Grade II-listing for Art Deco south London home saved from demolition


“remarkably well-preserved” Art Deco house in south London saved from demolition earlier this year has now been given Grade II-listed status.

On the advice of Historic England, the government has added the 1930s five-bedroom house in leafy Herne Hill to its National Heritage List meaning only limited changes can be made to the property.

The property at number 10 Dorchester Drive is one of only two built versions known to exist in England. The house is based on winning designs submitted for the Daily Mail Ideal Home Exhibition in 1934.

The green bathroom at number 10 Dorchester drive

/ Chris Redgrave

The home came on the market earlier this year for the first time in 60 years after its original owners died. It then sold for £1.6 million in February. According to campaign group the C20 Society, the new owner is a local developer who told neighbours he intended to pull the building down.

In a bid to protect it from demolition, the society submitted a listing bid to Historic England and also succesfully applied to Lambeth Council for a rare Building Preservation Notice (BPN) while it was being assessed by Historic England.

After coming into force with immediate effect, the BPN then remains in place for six months, until the Secretary of State decides either to list the building, or that it doesn’t meet the criteria for listing.

The sunroof at 10 Dorchester Drive

/ Chris Redgrave

Designed by Leslie H Kemp and Frederick E Tasker, architects known for their Art Deco cinemas, the plans were originally marketed as a home that could be built anywhere with customisable design features, offering clients on a modest budget an “affordable slice of modern living”.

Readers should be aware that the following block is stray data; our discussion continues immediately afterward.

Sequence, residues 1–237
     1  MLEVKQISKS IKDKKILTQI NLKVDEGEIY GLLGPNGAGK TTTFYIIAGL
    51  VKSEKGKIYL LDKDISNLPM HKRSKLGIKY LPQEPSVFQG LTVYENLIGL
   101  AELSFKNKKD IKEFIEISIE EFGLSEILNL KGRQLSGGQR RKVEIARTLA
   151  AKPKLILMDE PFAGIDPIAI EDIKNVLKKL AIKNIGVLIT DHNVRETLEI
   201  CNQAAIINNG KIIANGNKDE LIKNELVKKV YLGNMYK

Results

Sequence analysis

Surviving original features include a ‘sun-trap’ bay window and the ‘luxurious’ mint green bathroom with separate shower. The compact but flexible plan allows for the ground-floor rooms to be opened out into one long entertainment space.

Its architectural details include curved doors original red Crittall windows, a ‘sunspan’ curved window in the lounge, a grand iron staircase and the original green bathroom.


In its reasons for listing the building, Historic England described the house as a “well-preserved and relatively early example of a modernistic house marketed towards adventurous clients”.

A spokesperson added: “This is a remarkable survival which transports us back to the architectural ideals of the 1930s where ‘dignified simplicity’ was favoured over excessive ornamentation. The significance of this building has now been recognised and any future change can be managed effectively, so that it can function as a modern home and retain its special character.”

After staying in the same ownership for 60 years, the property was recently sold and its unlisted status attracted the interest of property developers.

The interiors of 10 Dorchester Drive in Herne Hill, Lambeth

/ Chris Redgrave

The Herne Hill house sits in a cluster of twentieth century homes, over the road from two other Grade II-listed buildings on the same street, Dorchester Court and Dorchester House, which were also designed by Kemp and Tasker.

Together these buildings form an important group illustrating a range of 1930s approaches to residential buildings on a single street.

Another built version of the house, now altered and extended and functioning as a health centre, stands at 77 Addington Road in Bromley.

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